Studies by GaveKal (which is one of the best investment advisory outfits out there) have shown that, historically, the return of the U.S. Dollar Index has been very much correlated with the growth in the amount of foreign assets (which is pretty much all U.S. dollar-denominated) held in the custody of the Federal Reserve. By my calculations, the correlation between the annual return of the U.S. Dollar Index and the annual growth of the amount of foreign assets held at the Federal Reserve banks (calculated monthly) is an astounding negative 61% during the period January 1981 to February 2005! That is, whenever, the rate of growth of foreign assets (primarily in the form of Treasury Securities) held at the Federal Reserve banks have decreased, the U.S. Dollar has almost always rallied. This is very logical, as an increasing growth of U.S. dollar-denominated assets mean an increasing growth of the supply of U.S. dollars - thus depressing its value.
Since our May 1, 2005 commentary, this inverse relationship has more or less has held. More importantly for us, the growth in foreign reserves has slowed down significantly over the last six months, as evident by the following monthly chart showing the annual change in the U.S. Dollar Index. vs. the annual change in the rate of growth (second derivative) in foreign reserves:
Please note that the second y-axis has been inverted. This is done in order to illustrate to our readers the significant negative correlation between the annual change in the dollar index and the annual change in the growth (second derivative) of foreign assets held at the Federal Reserve banks. Please note that aside from the decline in the growth of foreign reserves, the U.S. Dollar Index has also been declining – meaning that the divergence between the rate of growth in foreign reserves and the decline of the U.S. Dollar Index is now close to bouncing back. Assuming that foreign reserve growth continues to slow down in the weeks ahead (which it should given the current demand of U.S. dollars in the Euro Zone), I believe the U.S. Dollar Index should continue to strengthen in the next couple of months.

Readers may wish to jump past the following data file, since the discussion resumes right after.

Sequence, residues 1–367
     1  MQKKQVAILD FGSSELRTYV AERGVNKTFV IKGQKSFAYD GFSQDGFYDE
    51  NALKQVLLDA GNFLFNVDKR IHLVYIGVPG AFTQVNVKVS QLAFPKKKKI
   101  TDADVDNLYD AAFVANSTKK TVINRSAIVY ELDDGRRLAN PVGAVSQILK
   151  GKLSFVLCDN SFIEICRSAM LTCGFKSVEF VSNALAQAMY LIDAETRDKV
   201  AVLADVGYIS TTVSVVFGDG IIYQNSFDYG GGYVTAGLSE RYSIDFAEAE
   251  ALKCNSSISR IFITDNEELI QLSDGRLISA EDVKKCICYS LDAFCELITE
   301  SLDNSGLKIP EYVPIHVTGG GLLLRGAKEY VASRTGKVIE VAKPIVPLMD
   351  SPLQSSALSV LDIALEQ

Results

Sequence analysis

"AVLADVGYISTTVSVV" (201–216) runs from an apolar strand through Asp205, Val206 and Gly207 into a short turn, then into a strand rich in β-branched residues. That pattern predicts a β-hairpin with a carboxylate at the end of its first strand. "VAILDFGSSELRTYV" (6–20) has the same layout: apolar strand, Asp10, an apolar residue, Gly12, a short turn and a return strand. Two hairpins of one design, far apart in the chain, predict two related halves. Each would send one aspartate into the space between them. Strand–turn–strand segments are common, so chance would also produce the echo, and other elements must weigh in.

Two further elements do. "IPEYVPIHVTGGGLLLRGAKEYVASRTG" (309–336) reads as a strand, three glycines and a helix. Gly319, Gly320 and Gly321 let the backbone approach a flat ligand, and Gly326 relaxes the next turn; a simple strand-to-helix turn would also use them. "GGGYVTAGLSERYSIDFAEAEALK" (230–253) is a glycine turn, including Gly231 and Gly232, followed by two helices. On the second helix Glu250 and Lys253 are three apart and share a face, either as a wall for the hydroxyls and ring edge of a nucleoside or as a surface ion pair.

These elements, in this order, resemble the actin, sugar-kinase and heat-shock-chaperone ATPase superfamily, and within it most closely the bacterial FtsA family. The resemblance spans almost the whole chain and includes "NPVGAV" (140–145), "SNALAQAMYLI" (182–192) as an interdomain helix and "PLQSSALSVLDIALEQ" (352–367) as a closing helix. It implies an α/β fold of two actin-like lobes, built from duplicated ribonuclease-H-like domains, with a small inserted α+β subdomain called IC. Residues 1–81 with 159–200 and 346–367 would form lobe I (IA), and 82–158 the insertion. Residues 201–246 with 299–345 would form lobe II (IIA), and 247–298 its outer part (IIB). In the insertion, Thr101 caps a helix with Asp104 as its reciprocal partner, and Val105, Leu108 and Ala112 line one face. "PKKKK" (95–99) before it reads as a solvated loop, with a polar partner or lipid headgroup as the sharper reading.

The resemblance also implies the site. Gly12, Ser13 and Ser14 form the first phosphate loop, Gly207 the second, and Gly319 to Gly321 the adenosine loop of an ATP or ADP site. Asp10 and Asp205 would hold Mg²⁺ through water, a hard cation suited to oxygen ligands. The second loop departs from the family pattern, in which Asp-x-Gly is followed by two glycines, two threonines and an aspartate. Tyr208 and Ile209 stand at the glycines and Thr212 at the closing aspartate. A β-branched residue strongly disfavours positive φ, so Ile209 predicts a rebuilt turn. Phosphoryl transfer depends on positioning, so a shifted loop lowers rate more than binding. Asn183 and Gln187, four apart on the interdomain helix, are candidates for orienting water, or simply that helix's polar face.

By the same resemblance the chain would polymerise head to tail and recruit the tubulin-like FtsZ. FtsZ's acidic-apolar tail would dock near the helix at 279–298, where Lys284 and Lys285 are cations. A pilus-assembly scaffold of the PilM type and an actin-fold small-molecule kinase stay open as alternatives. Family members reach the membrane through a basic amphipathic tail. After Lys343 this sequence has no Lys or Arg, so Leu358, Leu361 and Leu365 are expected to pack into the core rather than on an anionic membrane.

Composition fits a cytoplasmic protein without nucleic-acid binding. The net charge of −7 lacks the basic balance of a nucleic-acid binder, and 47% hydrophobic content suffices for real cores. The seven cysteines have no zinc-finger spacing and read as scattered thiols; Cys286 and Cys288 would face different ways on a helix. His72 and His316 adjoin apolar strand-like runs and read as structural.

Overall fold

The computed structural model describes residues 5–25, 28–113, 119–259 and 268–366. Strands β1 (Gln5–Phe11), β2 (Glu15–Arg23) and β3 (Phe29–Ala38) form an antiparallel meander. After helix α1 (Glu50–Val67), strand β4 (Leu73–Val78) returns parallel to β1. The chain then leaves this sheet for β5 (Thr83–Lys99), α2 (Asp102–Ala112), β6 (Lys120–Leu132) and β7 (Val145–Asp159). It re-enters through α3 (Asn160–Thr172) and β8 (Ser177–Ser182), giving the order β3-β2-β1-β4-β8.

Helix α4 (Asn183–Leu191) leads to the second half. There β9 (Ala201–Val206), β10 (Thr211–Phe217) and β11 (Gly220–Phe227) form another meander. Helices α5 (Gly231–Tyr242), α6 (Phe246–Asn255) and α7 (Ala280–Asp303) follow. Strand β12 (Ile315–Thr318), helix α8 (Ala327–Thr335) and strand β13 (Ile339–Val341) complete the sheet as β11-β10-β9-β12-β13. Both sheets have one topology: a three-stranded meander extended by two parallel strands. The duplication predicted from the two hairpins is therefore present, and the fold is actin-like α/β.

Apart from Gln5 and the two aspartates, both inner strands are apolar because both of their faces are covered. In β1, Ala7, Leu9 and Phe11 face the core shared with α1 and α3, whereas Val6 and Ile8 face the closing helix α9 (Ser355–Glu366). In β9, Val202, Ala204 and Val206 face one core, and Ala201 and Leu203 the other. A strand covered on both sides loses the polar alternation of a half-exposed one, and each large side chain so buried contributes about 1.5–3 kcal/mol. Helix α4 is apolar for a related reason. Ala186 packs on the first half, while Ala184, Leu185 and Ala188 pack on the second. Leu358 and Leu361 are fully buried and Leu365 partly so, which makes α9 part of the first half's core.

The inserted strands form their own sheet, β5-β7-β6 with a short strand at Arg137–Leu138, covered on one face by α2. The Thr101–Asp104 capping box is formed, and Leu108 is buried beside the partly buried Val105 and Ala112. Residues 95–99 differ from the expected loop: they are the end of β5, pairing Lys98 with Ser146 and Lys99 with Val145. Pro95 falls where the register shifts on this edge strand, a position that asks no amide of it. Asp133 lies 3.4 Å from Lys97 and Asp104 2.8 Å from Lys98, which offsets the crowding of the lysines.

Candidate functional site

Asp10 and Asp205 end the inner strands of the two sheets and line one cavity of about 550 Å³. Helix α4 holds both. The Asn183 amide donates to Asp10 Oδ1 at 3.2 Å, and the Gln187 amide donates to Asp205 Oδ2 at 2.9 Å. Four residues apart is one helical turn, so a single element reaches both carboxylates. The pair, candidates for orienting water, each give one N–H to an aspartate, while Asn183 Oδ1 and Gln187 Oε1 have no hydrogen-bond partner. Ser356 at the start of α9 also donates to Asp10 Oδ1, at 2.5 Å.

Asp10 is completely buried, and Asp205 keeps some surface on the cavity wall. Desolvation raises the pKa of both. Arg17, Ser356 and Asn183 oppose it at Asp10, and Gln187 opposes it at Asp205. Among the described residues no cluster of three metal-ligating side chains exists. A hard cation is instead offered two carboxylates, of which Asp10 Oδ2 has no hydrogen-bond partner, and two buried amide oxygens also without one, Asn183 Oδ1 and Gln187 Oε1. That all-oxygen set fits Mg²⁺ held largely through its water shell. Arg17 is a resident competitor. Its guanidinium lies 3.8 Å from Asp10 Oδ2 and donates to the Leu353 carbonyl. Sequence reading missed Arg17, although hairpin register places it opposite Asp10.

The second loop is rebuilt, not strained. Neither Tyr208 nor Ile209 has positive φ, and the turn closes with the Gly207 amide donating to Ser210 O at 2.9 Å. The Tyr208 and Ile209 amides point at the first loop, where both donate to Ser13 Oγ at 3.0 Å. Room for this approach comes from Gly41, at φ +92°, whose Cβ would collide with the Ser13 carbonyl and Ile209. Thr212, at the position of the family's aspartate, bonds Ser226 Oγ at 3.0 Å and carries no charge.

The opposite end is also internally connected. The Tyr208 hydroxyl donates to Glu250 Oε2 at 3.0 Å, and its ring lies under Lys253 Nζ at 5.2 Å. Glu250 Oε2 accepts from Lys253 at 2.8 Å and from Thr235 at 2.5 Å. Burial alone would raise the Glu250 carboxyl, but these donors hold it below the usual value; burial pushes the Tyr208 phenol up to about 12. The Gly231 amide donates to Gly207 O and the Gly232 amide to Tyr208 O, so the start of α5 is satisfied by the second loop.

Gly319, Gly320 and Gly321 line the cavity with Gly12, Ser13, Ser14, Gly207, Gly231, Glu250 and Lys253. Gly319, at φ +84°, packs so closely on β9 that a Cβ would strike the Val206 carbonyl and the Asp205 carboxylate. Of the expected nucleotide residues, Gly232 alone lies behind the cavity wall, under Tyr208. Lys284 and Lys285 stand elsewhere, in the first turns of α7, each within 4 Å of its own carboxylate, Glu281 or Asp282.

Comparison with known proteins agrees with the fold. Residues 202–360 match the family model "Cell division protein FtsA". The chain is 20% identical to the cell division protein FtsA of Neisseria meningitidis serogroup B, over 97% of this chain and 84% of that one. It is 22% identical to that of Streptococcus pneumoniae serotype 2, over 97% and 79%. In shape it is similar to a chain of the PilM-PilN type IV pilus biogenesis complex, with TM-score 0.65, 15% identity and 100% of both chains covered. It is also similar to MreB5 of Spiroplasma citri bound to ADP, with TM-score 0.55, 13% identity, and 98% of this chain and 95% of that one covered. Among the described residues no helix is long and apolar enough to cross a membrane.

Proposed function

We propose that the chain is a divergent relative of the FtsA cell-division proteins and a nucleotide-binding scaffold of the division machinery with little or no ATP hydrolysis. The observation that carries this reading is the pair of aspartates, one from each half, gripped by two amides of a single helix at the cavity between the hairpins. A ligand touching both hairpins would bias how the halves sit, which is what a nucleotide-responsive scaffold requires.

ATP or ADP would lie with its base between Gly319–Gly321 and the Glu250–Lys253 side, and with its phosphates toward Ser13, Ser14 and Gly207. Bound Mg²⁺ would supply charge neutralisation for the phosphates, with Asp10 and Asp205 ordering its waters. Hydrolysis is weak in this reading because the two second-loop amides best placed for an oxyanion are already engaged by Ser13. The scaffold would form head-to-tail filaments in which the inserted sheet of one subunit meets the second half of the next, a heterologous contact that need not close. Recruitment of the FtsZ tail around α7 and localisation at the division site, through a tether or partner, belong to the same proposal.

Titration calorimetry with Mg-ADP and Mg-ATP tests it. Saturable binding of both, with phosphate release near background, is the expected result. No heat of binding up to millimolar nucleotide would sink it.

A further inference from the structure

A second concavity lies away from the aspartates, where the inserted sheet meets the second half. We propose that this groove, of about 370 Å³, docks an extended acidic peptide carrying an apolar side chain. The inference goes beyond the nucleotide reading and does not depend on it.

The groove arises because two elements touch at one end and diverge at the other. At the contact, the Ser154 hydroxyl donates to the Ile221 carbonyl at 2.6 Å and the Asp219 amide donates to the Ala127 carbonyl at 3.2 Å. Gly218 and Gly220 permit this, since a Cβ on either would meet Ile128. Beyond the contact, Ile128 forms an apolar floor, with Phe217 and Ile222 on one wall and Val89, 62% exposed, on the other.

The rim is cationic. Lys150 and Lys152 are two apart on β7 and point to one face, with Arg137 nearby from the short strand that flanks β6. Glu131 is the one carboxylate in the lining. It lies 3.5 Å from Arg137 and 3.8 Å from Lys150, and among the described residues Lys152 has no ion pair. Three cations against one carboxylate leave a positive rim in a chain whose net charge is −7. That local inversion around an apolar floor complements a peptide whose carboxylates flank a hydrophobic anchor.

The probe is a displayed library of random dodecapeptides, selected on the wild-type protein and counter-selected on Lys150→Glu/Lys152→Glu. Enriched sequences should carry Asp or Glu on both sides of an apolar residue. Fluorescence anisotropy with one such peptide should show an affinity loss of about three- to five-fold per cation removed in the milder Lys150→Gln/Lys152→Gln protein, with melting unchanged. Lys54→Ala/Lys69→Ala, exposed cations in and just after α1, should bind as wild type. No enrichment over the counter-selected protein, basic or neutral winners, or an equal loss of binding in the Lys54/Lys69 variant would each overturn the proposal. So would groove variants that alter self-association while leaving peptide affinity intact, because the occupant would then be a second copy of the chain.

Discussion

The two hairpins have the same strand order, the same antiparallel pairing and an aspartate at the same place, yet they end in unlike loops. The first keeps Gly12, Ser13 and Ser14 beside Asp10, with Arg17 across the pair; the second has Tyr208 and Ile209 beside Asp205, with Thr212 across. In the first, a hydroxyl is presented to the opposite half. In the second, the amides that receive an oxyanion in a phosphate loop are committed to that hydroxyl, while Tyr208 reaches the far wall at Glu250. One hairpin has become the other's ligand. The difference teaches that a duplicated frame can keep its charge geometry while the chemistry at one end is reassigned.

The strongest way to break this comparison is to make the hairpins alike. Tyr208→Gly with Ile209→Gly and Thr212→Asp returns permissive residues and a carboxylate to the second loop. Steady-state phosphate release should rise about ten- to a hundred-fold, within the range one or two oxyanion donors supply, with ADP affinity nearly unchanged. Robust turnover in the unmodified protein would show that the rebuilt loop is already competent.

Another way to spot a good entry point on the U.S. Dollar Index is to keep track of its percentage deviation from its 200-day simple moving average. This is one of the major advantages of using an overbought/oversold indicator on a major currency – and especially the world's reserve currency – as major currencies usually do not gap up or down in a major way. That is, as along as there are no abnormal forces in the market place (such as Japanese housewives speculating on foreign currencies) – buying the dollar index when it is oversold (e.g. when it is trading at 5% below its 200-day moving average) has usually been a profitable endeavor, as long as one is not heavily leveraged. Following is a daily chart showing the U.S. Dollar index and its percentage deviation from it 200 DMA from December 1985 to the present:
Even though the U.S. Dollar Index closed at 3.75% below its 200 DMA last Friday, it is still relatively oversold. More importantly, as mentioned in the above chart, the U.S. Dollar Index twice hit a severely oversold level over the last five months, hitting a level of -9.28% and -8.35% on November 30th and March 17th, respectively, and equaling or surpassing oversold readings such as those during October 1998, July 2002, May 2003, January 2004 and December 2004. Furthermore, as demonstrated by the diminishing growth in foreign reserves held at the custody of the Federal Reserve, as well as the fact that many European banks have still yet to disclose their subprime losses, chances are that the U.S. Dollar Index is now in an uptrend for at least the next couple of months. Finally, as far as the UK is concerned, it is definitely still way behind the curve in terms of its easing campaign – by the time this is all over, we may actually see the Bank of England easing more aggressively than the Fed, given that its economy is way more leveraged to the financial and housing sector, versus the US economy. Subscribers please stay tuned.